The story of Noamh Baumbach’s 2012 film ‘Frances Ha’ focuses on the drifting friendship between two women in their late twenties. There is a particularly poignant scene where Frances (Greta Gerwig) awakes to find that her best friend, Sophie, (Mickey Sumner) has left without saying goodbye after spending the night sleeping over when they haven’t seen each other in a long time. As Sophie’s car pulls away, Frances runs after her screaming her name. This boldly illustrates the highly sentimental nature of many women’s friendships and the pain that inevitably results because, we as a society, do not respect it. Indeed, through all the big life changes Frances explicitly undergoes — moving between different apartments, facing financial troubles, and trying to launch a tentative dancing career —what remains as palpably constant are the unrequited affections for her ever elusive friend.
Unfortunately, this is very much reflective of what happens in ordinary life.
Feminist works such as Orbach and Eichenbaum’s ‘Bitter Sweet’ and Offil and Schappel’s ‘The Friend That Got Away’ have documented a plethora of cases where women have felt heartache from being underappreciated and abandoned by those who they thought were their closest and dearest. I have also experienced this first-hand and heard from other female friends that such rifts with friends feels like a stab to a vital organ; even worse a sensation, sometimes, than going through an official break up. This is especially upsetting because it is the product of a draining – and actively obstructive – co-dependence that need not be this be way. In a previous article, ‘Botched Bodies’, I talked about the many unfair societal stresses placed on women — the pressure to look immaculate, to be both caring and in control, and to radiate a shining and attractive personality — as tools of an ongoing, operational patriarchal system. Addressing the phenomenon of bereavement and melancholy in female friendships, would not only be one less of these burden, but could actually combat the source.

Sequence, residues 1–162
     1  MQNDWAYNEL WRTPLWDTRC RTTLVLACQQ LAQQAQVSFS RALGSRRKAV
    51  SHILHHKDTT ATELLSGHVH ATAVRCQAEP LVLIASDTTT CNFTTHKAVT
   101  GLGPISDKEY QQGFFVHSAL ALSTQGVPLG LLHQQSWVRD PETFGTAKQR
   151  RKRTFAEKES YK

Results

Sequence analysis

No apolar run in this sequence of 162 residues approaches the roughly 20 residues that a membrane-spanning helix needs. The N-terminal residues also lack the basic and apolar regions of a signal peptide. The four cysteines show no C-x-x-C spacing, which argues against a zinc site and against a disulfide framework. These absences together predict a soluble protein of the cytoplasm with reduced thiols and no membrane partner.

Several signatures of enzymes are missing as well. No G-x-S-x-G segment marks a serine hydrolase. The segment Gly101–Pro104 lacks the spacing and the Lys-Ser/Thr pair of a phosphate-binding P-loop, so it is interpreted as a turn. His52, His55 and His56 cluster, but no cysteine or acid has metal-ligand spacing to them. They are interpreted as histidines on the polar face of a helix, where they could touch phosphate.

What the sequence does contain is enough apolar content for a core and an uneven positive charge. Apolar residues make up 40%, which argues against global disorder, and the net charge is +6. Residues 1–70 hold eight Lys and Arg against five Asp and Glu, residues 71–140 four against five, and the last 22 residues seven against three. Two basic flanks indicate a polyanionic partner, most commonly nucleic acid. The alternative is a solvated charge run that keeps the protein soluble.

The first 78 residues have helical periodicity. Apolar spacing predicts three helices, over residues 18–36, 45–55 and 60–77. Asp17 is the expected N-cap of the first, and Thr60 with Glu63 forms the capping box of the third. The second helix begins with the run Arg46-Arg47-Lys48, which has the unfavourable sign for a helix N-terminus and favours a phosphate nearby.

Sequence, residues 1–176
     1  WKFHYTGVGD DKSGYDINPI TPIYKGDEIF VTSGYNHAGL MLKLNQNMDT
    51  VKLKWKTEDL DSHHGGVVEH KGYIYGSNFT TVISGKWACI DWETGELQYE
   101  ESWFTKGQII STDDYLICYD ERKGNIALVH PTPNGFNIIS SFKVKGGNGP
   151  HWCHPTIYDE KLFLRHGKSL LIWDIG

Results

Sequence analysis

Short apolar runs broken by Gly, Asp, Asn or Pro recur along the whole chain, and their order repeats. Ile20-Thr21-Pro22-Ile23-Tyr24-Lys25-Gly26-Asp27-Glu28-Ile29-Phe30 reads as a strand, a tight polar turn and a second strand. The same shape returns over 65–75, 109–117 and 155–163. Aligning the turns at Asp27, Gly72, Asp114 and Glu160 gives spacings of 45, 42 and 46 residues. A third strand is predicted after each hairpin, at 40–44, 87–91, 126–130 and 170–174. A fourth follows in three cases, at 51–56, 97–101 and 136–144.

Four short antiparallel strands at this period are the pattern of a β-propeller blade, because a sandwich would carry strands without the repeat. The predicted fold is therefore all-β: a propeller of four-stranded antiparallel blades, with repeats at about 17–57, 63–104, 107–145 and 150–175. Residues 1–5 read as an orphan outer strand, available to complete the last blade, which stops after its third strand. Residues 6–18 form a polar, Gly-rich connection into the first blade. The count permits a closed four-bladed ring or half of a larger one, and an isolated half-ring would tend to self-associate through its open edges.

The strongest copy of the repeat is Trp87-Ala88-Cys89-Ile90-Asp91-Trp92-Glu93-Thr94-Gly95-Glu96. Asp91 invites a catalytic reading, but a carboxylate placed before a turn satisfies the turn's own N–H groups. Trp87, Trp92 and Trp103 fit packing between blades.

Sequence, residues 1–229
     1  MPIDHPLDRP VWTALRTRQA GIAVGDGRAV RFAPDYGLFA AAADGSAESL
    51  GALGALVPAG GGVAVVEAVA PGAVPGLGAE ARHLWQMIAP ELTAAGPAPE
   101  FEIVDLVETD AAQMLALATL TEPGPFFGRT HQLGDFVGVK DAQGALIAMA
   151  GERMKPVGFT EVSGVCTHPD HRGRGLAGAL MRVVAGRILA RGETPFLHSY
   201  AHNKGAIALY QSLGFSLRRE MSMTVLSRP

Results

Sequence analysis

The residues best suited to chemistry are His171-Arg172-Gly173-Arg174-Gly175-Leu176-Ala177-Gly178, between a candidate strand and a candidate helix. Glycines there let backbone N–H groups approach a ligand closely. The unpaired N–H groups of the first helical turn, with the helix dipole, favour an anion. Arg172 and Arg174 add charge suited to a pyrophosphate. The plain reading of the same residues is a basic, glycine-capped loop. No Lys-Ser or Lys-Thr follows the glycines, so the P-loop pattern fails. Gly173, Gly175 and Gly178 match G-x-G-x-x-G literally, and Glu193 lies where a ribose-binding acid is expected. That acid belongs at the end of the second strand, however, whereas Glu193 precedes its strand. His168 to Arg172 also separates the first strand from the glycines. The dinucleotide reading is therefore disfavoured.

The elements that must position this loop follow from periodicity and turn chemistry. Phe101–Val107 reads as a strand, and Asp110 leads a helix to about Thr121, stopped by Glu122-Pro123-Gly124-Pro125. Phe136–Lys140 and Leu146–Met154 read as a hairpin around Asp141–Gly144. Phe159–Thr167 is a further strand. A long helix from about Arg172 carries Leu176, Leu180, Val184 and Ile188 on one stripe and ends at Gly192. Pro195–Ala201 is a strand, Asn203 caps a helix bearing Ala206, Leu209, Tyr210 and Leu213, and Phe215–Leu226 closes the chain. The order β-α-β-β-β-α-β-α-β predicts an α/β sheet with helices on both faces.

rifts with friends feels like a stab to a vital organ; even worse a sensation, sometimes, than going through an official break up
The famous feminist Lucy Irigarary has observed that woman ‘does not constitute herself as one’ — or as whole — in an ideology that distributes social power predominantly to men. While the top jobs and handling of money are still in the hands of males, the subjective agency of woman continues to be undermined: we do not need to be aiding our own oppression. A significant factor in the tension placed on the women’s friendship in ‘Frances Ha’ is the third-party presence of Sophie’s reputable career and boyfriend which she keeps running back to. This illustrates the way that women are still heavily inclined to use each other as repositories for discussing and step-stoning between masculine signifiers of authority — men and monetary stability — instead of seeing each other as end points in themselves and individuals in their own rights.
When we do this, we are aiding the dated sexist assumption that we are subservient, second-class citizens who are undeserving of our own autonomy. No wonder then that the bonds forged in this set up feel so volatile and the comfort a friend gives never completely satisfies. In the sleep over scene in ‘Francis Ha’, Sophie spends the whole night confiding her miseries about engaged life before she tentatively says ‘I love you’. As the woman seeking emotional refuge she is only applying a temporary plaster to the social pain, and Frances as the woman listening ends up standing in as one-dimensional utility. The result: frustration and persisting emptiness for both the confidantes involved.